I have three tea sets. My nicest set was recently passed on to me by my mother and was originally my Grandma Beth’s. It’s a Royal Albert set of bone china. Quite proper and very beautiful. A few years ago, my mother-in-law gifted me with a set from her family: a rather large and charming casual set of blue stoneware, plump and portly. They feel good in your hands. I frequently pull them out when I have company.
My oldest set, though, I must confess, is my favorite. I call it my “Alice in Wonderland” set. Much like that of the March Hare, it’s a mix-matched grouping of simple cups and saucers and pots of all colors and sizes. I rescued them from thrift shops, garage sales, and flea markets for the most part, for 25¢ here and $1 there. After a few years, I have service for eight now, and these random lost bits have grown into belonging to one another. Perhaps it’s not so fine as the bone china set painted with real gold, but I’m quite fond of my little set nonetheless. I like that I get choose my cup when I start the kettle boiling.
I have my favorites, of course. And there was one particular saucer that I found at a garage sale that I always loved. I don’t know why exactly. It’s nothing the average person would call special. It’s a simple white saucer rimmed in pink and blue, but there was something about the contours of it – the flatness – that I always loved. I eagerly paid my quarter for it and frequently singled it out for afternoon tea.
A few years after Shawn and I were married, we were living in a rented house with another couple. My housemate accidentally broke my saucer. There was no point for anger; accidents happen and one accepts that such things will undoubtedly occur with roommates about. What made me most sad about it was that I came home to find its shards unceremoniously piled in the garbage can. No note. No doubt my roommate saw it as just a 25¢ orphaned plate. Nothing special. She didn’t know I had any great attachment to it. I’m not sure that any sort of eulogy or explanation would have lightened my heart, but to see my afternoon friend in the garbage like so much trash grieved me, silly as it may seem.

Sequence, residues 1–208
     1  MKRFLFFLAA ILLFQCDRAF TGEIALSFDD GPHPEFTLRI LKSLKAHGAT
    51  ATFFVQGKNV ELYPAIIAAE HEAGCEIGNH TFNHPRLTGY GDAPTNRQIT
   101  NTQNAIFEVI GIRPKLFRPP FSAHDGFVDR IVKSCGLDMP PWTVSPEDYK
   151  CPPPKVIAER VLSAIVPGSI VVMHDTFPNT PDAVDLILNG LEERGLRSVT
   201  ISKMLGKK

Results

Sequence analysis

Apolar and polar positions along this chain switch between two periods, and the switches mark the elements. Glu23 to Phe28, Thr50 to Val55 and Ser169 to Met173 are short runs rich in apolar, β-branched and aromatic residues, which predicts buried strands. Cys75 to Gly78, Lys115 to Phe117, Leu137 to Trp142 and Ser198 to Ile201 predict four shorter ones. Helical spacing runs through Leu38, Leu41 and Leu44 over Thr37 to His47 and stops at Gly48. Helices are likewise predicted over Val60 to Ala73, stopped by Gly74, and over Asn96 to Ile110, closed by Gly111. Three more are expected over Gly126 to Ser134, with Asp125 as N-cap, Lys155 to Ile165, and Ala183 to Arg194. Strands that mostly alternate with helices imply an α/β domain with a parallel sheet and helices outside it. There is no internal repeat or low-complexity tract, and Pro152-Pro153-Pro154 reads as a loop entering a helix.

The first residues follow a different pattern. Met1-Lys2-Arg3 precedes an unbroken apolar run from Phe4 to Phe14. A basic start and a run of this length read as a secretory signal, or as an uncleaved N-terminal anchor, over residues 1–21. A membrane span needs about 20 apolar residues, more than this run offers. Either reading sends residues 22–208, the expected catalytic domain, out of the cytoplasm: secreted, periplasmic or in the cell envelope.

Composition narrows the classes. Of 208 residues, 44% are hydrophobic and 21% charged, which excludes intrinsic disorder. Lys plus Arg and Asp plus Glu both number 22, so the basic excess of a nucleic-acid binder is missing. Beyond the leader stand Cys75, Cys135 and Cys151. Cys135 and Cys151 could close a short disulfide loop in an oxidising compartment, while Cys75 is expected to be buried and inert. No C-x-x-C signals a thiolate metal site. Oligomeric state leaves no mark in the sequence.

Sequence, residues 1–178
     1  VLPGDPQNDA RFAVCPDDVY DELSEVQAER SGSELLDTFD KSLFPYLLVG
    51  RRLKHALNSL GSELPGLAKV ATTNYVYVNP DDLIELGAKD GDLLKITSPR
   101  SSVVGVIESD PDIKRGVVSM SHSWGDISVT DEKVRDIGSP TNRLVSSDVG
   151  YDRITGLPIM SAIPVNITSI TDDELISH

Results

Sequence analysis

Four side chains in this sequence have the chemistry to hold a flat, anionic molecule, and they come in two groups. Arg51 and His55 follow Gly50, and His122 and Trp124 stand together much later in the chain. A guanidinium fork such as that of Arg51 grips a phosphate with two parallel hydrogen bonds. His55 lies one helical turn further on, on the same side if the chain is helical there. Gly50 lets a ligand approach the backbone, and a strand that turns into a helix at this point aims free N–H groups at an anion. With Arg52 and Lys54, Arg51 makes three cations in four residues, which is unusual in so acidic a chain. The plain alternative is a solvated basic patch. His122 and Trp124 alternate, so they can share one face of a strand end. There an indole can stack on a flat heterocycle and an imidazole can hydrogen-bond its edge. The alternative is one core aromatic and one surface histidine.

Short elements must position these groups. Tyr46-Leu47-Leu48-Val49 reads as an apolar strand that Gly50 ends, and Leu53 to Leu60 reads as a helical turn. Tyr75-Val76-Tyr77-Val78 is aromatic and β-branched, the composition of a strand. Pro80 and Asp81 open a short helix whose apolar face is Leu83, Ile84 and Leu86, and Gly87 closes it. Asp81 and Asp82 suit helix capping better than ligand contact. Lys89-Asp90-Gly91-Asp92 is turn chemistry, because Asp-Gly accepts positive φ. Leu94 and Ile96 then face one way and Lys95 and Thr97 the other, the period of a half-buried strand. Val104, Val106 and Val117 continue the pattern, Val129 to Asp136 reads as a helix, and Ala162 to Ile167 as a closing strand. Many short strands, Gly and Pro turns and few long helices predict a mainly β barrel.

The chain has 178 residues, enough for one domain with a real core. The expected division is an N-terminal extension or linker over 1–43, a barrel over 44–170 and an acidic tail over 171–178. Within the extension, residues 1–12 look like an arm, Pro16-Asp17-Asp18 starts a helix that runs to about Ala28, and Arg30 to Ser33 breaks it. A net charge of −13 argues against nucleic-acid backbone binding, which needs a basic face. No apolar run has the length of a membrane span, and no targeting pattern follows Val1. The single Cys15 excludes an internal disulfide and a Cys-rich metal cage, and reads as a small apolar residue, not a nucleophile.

I actually sifted through the can and attempted to find all the bits to glue together. Shawn helped. After a time, we gave it up for a lost cause. It was utterly smashed.
Just recently, killing time in a thrift shop downtown, I found myself in the section where the dishes are kept. I don’t plow through this area as avidly as I once did. My set is more or less complete now. Service for eight and more creamers and sugar bowls than I’d ever need, especially as I take neither cream nor sugar in my tea. But I was still one saucer short and sometimes I would detour through the dish section, just to see if anything special caught my eye. And on this rainy day a month ago, I was absently shifting through dusty dishes, and there it was. The very same saucer rimmed in pink and blue. Well, not the very same saucer, of course, unless plates are favored by reincarnation. But its exact twin. All alone, just as before. I paid 25¢ for it at the counter and took it home. I washed it and put it up on my tea shelf, where it belonged.
Life is busy these days and that little saucer slipped my mind for a time. But today, round about four o’clock when I set the kettle on the stove, I looked up at my tea shelf and picked out a yellow cup. Sitting beneath it was my pink and blue saucer, ready and waiting.
Nice to have tea with a friend.